West Indian success in T20 cricket signals towards a change in power structure

The ongoing Champions League T20 is yet another stage where a Caribbean team’s talent and individual success has hogged the limelight © IANS

The cricketers from the Caribbean have stood out once again in the Champions League Twenty20 (CLT20) 2013. They have been nothing less than brilliant, individually and as a unit, in the recent past. Aayush Puthran explains why their success signals towards a new power structure wherein three different teams will dominate the three different formats of the game. 

West Indian cricketers playing in all their pomp bring about a sense of fiesta to cricket. There is a sheer rawness about their game, enough to entertain the crowd anywhere in the world. The ongoing edition of the CLT20, like all Twenty20 tournaments across the world, is yet another showcase of the brilliance of talent that goes, otherwise, unnoticed in the cricketing world.
Twenty20 cricket, as it stands today, seems like a format tailor-made for reviving West Indian cricket. How else can one define the success of players like Kieron Pollard, Chris Gayle, Sunil Narine, Kevon Cooper, Darren Sammy, Dwayne Smith and many others like them offering their services to T20 franchises world over? How do you describe their success as a collective unit in the shortest format at the world stage? How tough is it to ignore the consistent success of Trinidad and Tobago against the best T20 teams in the world?
The ongoing tournament in India is yet another stage where their talent and individual success, much like this year’s Indian Premier League (IPL) or last year’s T20 World Cup was, hogs the limelight. But what is equally mind-boggling is their consistent failure in One-Day Internationals (ODI) and Tests. Is it time, unlike in the past where an Australian or a West Indian side was the dominant force, that three different teams will dominate three different formats?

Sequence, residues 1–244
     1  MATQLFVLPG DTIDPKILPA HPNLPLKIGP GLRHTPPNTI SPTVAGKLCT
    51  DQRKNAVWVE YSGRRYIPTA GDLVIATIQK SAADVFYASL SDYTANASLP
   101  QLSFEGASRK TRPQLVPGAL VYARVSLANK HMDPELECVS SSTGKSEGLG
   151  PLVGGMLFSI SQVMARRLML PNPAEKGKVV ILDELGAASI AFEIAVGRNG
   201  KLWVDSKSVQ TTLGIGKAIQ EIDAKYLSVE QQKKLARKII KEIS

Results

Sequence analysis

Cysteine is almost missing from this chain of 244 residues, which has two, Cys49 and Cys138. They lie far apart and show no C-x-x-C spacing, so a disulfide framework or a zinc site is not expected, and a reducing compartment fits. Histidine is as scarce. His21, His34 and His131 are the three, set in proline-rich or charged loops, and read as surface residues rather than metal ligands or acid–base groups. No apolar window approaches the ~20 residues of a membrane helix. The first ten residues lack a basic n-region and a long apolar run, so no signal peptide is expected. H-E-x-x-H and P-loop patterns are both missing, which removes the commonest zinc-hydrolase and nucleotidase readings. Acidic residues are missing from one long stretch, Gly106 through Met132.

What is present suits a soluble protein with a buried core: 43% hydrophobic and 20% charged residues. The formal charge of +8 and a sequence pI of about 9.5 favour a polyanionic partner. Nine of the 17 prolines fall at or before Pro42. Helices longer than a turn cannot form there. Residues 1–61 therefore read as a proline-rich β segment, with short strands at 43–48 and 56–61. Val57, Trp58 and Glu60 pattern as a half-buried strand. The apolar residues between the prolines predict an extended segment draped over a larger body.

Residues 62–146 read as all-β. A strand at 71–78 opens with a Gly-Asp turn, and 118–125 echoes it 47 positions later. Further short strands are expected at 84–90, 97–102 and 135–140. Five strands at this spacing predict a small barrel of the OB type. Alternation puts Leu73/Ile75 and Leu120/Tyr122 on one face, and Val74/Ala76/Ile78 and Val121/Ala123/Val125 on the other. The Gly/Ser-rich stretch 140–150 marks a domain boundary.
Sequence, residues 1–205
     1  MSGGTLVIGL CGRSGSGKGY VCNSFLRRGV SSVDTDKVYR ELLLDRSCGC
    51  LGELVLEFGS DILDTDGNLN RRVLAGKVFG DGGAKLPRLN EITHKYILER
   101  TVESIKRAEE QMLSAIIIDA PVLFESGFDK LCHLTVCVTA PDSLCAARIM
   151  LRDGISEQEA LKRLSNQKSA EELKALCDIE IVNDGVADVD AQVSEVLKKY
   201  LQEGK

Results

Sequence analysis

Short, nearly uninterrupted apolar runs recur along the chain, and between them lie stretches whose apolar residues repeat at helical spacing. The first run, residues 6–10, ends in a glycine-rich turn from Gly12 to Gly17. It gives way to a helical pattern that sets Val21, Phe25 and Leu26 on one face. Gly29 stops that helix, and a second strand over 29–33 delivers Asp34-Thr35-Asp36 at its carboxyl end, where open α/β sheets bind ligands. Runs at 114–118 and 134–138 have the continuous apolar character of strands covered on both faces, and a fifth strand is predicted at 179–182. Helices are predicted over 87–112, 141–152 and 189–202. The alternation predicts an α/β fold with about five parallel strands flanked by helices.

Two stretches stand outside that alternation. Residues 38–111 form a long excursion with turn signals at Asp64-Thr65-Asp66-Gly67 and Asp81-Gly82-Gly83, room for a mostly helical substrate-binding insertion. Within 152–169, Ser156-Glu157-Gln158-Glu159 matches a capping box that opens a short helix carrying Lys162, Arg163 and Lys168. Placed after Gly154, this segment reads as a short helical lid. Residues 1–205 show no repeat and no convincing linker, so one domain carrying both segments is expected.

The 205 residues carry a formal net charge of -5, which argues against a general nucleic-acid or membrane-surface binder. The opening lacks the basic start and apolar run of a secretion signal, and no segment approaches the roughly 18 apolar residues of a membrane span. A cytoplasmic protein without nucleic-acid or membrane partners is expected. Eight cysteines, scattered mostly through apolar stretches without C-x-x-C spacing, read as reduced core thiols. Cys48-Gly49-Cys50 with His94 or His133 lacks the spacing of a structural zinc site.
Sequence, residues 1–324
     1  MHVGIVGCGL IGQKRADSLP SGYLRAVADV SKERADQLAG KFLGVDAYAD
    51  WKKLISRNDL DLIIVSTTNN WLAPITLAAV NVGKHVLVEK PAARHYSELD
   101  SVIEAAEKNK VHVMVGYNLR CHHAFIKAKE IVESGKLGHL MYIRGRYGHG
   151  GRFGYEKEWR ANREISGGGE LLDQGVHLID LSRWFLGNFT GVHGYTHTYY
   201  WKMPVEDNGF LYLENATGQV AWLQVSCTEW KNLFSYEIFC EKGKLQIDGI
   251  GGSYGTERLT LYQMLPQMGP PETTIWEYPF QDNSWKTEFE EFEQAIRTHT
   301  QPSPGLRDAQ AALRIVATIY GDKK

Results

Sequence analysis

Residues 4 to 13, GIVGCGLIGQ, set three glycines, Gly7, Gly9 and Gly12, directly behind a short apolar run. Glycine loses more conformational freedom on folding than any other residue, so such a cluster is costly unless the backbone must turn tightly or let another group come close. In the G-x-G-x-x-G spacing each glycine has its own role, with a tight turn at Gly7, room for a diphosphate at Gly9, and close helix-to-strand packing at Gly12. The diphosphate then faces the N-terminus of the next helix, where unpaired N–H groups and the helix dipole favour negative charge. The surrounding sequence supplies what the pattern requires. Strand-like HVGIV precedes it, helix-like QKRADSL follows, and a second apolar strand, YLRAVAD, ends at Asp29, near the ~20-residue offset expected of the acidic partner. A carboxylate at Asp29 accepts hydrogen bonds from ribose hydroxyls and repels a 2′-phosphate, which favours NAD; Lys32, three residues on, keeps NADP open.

It is equally worth noticing that India have been brilliant in the 50-over format wherever they have played in the recent past, barring a couple of series. Australia, too, in all their mighty fall, have boasted a decent record in ODIs. However, they haven’t been a force to reckon with against teams like England and South Africa in the longest form of the game. On the other hand, South Africa and England with all their strength in the main team and reserves haven’t quite come out with the kind of results they would’ve liked in T20 cricket.
Maybe with changing times and dynamic methods, the power structures too will change. If teams can have different squads and different captains for the three formats, it wouldn’t be surprising if one team doesn’t dominate an era entirely from here on.  
(Aayush Puthran is a reporter with CricketCountry. Mercurially jovial, pseudo pompous, perpetually curious and occasionally confused, he is always up for a light-hearted chat over a few cups of filter kaapi!)